Des Moines, Iowa
Des Moines’s tap water possesses the accolade of containing the lowest levels of bacteria and chlorine in the U.S., and much of that is thanks to the city’s tight control of municipal water treatment. The city’s water treatment facility also employs sensors in the water that detect nitrites. On top of it, the city is dedicated to transparency with residents, publishing daily metrics on the contaminant levels in the local water supply.
While not exactly a city, Eldorado won first place in the 2022 Berkeley Springs International Water Tasting (BSIWT) rankings for best municipal tap water. The competition has been going since 1991, so BSIWT knows good-tasting water. First-time winner Eldorado wasn’t just crowned best in the U.S., but best in the world for its crisp, clear water. This year’s contest included waters pre-selected from 14 U.S. states, 11 foreign countries, and 10 provinces in Canada. The annual BSIWT ranks waters based on appearance, aroma, and taste, among other factors, like how clear the water is.
Independence took 3rd place in Berkeley’s 2022 competition, won it outright in 2021, and has placed highly in previous years as well. What makes the city’s tap water so good? It comes directly from an aquifer and the local government doesn’t need to add many chemicals to it for disinfection.
Berkeley Springs, West Virginia
Berkeley Springs, which hosts the Berkeley Springs Water Tasting contest, took 5th place in the Berkeley Springs competition. That might make the skeptics among us raise an eyebrow and wonder if the contest is rigged, but 2022 is actually the first time Berkeley Springs placed 5th.
Known for its hot baths — which rich denizens flocked to for health as far back as the 1700s — Berkeley Springs not only boasts the annual competition, but also “the only outdoor monument to presidential bathing.” That is correct — there’s an actual monument dedicated to presidents bathing. George Washington once bathed there, and the moment is immortalized with a monument that still has a natural spring, from which residents still fill up water jugs.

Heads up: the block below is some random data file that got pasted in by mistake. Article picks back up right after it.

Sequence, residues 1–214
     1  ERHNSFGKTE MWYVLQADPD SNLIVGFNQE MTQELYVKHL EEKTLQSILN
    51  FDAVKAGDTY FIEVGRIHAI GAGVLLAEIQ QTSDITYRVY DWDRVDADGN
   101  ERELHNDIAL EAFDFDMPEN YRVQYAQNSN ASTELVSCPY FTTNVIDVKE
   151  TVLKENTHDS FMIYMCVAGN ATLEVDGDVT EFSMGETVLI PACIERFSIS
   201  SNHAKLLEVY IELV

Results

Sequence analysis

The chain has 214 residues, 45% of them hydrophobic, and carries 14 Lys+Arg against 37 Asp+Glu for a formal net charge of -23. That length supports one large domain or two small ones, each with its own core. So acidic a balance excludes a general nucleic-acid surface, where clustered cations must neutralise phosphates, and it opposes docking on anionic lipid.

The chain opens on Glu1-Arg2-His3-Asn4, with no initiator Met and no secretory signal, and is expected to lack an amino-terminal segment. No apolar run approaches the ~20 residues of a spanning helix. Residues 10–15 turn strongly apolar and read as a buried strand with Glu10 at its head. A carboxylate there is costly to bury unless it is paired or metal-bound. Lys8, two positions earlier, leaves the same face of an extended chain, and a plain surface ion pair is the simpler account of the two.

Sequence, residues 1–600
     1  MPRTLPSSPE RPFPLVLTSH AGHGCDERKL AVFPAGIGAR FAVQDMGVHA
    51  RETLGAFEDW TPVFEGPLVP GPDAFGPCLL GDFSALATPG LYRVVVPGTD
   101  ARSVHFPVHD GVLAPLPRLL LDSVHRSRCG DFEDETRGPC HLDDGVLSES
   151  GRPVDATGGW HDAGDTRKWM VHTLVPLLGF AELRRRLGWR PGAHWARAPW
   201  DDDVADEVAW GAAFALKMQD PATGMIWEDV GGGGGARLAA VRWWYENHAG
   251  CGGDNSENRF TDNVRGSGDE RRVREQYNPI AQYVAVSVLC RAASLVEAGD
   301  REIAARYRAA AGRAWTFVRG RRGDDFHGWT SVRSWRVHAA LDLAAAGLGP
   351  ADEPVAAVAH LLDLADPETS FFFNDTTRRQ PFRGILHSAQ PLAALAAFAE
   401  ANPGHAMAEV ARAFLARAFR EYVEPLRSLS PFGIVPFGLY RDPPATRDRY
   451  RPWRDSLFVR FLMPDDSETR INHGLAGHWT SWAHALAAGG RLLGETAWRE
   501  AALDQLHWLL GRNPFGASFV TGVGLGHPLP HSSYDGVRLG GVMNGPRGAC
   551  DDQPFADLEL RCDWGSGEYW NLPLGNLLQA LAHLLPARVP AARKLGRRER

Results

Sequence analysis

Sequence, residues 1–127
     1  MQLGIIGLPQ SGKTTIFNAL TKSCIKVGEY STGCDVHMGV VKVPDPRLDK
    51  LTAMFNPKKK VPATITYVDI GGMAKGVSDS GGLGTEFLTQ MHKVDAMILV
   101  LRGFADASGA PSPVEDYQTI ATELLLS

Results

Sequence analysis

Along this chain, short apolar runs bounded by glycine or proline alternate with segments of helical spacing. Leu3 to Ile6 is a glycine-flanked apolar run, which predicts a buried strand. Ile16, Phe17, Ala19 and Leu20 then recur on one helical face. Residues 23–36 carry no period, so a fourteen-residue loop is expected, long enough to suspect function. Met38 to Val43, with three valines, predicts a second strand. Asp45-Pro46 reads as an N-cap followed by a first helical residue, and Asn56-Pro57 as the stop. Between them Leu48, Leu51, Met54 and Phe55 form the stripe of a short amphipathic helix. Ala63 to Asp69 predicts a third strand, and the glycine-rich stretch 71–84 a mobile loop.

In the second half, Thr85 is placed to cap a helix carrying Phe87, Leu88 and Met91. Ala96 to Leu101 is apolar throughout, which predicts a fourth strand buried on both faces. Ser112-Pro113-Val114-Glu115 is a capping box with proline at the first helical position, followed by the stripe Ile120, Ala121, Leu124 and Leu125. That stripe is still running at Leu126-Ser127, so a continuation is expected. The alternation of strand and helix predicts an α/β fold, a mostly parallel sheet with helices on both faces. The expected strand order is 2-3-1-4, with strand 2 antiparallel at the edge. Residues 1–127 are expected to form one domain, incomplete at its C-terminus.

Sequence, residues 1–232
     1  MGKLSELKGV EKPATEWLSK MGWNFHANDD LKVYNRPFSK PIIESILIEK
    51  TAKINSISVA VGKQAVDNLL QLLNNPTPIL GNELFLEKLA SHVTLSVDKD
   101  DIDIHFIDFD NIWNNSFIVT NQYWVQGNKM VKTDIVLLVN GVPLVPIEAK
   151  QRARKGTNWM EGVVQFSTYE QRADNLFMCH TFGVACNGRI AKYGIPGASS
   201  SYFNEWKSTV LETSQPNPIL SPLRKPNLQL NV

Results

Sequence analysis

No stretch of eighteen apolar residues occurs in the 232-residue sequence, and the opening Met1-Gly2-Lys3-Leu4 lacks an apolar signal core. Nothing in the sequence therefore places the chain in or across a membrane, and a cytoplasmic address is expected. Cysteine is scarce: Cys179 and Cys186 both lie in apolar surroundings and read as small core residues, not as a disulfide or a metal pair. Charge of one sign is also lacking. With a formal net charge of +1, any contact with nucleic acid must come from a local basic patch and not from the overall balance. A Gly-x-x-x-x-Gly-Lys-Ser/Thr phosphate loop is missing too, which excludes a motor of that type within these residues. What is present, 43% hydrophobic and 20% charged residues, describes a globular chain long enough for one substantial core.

Which towns and cities have the worst water quality?
It’s clear that not all cities in the U.S. have the cleanest water supplies. By now we all know the crisis that unfolded in Flint, Michigan in 2014 due to corroded lead pipes damaging the city’s water supply, but there are less-covered concerns in other cities as well.
For instance, the Guardian conducted its own study of water testing across the U.S., finding 33 cities that used what the media outlet called “cheats” that could hide dangerous contaminant levels. Of these, the Guardian claims, “21 (cities) used the same water testing methods that prompted criminal charges against three government employees in Flint over their role in one of the worst public health disasters in US history,” which is hardly a ringing endorsement. So it’s equally important to avoid areas that aren’t exactly known for their clean water records. Below you’ll find some of the worst offenders.
Newark, New Jersey
In recent years, Newark has had drinking water with elevated lead levels (more than 15 parts per billion), and worse than that, Newark officials failed to notify families that their children had had elevated lead exposure. To make matters worse, testing also revealed higher levels of haloacetic acids (HAAs), which can lead to cancer, in Newark’s water.
Martin County, Kentucky